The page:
News & Blog

News & Blog

We often get special cars and hot buys in at Motor Planet, and this is where you'll find all our featured vehicles and any unique features that you should really know about!

We also like to provide helpful tips and advice to all our customers, as well as anything we think you might find interesting that we've heard about in the motoring world.

How to buy second hand cars

Buying a used car or vehicle can be rife with problems, especially if you are unlucky enough to get caught by a less than honest seller. How do you know that you are buying a reliable vehicle, or that the salesperson is telling the truth in his or her smooth patter? One way to bypass these worries is to go to a reputable used car dealer and speak to the salespeople there, who will help you find the right vehicle for your needs from amongst a wide range of vehicles to suit all needs. Here are some things to look out for when buying second hand.

Know your budget

Never go to look at a second hand car, or to browse round a used car dealership without knowing exactly how much you have got to spend, and how far you can go up to during price negotiations. Factor in ongoing costs, such as insurance, road tax, petrol and servicing to avoid a nasty shock later on. Don’t let your heart rule your head – if you fall in love with a certain make or model, wait for a while to see if a similar car comes onto the market at a lower price.

Prepare in advance

Do your homework and work out what type of car you are looking for and how much it is likely to cost second hand. Decide what extras are important to you, such as air con, sat nav, heated seats etc. Search online for reviews of similar cars, but do bear in mind that people tend to post online when they are dissatisfied a lot more readily than after an incident-free, positive sale. Never buy a car unseen – always look at it in the flesh and examine it for faults. Take it for a test drive too, to make sure it suits you when out on the road.

See it at its best

Avoid viewing prospective cars at night or in the rain, fog or other poor weather conditions. You won’t get a full picture of what the car looks like and, most importantly, if it has any faults such as scratches, dents, leaks or patches of rust. Look at the car from all angles, inside and out, and make sure you open the boot, glove compartment and bonnet to check for damage. Never let yourself be hurried over a viewing either – an honest salesperson will let you look at your leisure and ask all the questions you want.

Ask questions

As mentioned above, you should feel free to ask any questions you wish and to walk away of you are unhappy with the answers. Ask about service history, especially any gaps in the records. Check for outstanding finance or evidence that the vehicle may have been stolen ringed or involved in a crime. Does the mileage match the condition of the car and if not, can you find out why? Is the handbook still in the car and is there a spare key? All these questions will help you decide if the previous owner has cared for the car properly or not before you commit.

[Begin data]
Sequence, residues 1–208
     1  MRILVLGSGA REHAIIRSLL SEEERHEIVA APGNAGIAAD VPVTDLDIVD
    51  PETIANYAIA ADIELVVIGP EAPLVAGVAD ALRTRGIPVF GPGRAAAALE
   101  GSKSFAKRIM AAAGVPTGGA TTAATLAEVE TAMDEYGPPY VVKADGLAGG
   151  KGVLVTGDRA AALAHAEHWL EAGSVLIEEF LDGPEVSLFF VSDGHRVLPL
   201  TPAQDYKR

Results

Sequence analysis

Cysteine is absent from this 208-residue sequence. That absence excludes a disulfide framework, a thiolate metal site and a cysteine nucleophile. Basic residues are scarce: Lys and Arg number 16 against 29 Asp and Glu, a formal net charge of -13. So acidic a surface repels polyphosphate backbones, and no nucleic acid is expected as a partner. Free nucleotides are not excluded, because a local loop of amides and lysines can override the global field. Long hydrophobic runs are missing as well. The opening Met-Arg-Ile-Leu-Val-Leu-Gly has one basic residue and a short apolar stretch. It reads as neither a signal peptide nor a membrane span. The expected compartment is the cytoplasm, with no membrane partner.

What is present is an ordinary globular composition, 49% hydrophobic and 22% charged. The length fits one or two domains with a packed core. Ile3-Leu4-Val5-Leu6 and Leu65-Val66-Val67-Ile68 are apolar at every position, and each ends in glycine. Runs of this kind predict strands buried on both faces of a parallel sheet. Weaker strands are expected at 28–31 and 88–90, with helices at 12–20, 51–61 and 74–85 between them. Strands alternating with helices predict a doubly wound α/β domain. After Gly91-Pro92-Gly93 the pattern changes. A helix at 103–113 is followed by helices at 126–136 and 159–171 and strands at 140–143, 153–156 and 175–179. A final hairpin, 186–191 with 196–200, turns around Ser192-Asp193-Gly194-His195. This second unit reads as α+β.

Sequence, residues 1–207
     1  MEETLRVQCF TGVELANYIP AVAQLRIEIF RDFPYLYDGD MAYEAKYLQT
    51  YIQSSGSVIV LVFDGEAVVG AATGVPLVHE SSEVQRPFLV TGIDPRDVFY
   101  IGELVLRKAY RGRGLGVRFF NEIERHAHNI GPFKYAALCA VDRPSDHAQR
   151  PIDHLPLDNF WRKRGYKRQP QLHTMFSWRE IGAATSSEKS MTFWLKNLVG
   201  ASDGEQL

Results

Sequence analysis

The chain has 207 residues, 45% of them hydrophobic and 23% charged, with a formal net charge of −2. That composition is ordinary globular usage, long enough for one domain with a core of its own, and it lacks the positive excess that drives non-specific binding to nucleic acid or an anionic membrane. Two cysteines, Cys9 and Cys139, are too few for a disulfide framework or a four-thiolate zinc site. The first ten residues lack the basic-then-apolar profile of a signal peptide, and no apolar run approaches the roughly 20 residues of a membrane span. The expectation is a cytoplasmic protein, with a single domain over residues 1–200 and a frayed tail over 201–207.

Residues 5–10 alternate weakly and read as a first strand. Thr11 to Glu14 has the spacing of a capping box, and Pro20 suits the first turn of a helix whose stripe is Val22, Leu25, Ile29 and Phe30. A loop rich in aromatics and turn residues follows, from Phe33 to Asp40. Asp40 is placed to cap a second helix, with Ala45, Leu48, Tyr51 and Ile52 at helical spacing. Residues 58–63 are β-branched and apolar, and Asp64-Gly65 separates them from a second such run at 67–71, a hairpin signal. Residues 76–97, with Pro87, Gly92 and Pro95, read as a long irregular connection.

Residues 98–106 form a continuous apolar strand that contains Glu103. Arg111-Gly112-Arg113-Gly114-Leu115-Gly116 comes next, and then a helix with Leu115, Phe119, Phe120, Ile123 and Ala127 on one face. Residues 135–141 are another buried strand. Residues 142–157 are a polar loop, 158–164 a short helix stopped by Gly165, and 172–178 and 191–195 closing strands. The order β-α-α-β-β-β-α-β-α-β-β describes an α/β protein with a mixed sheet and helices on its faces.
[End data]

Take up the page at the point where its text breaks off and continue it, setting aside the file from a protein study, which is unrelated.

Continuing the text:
12/03/2017

Car buying for the older driver

As a driver, we tend to look for a car or vehicle that suits our situation at the time of the purchase. So a young, newly qualified driver will not choose the same car as a family of six and someone approaching, or already into retirement will again choose something different.

Older drivers looking for a second-hand car, therefore, would be well advised to begin searching for their next car at used car dealers, as opposed to just going online. You can see a wide range of cars at once, and ‘in the flesh’ and can ask all the questions you need about the cars you like and their performance.

Here are some areas to consider when choosing a car for an older driver.

Comfort


Being comfortable while you drive is a good thing crucial at any age, but it becomes crucial for older drivers, who might spend longer in the car than in previous years due to reduced mobility, the need to attend more appointments or having the freedom to take off on driving holidays and mini-breaks more often. Seeking a comfortable car means that you will need to physically sit inside it to see how it feels, and also pay attention to such matters as leg room, seat shape and ease of getting in and out. Never buy a car without seeing and sitting in it.

Reliability


For many older drivers, having a car can be a lifeline to ongoing independence and socialising. So when it goes wrong, life can suddenly grind to a halt in an alarming fashion. Some older people will also be helping to care for grandchildren and again, a reliable car is vital in these endeavours. Being able to ask questions and view the entire service history at a used car dealer is therefore very important for peace of mind. Cars that are still under extended warranty can also be an attractive option.

Space and size


What room do you have to put your new car? A large garage or a narrow driveway? This is something to consider when choosing your next vehicle. Also, what is the parking like at the places you plan to drive it? Choosing a large car that you cannot park easily can cause stress at a time when you are doubtless seeking to reduce your worries. Do you need a large boot if you are planning to go travelling in the car? Does it need to be strong enough to attach a caravan or bear the weight of a loaded roof rack?

Red tape


Finally, do some research into what it will cost to insure your chosen make and model, especially for drivers over 50 years old. Premiums can soar for older drivers, depending on the type of vehicle they are looking to insure. On the other hand, other companies actively reward careful older drivers with a flawless record, so take the time to find an insurance company that will offer you a reasonable price that reflects your experience.

12/03/2017

12/03/2017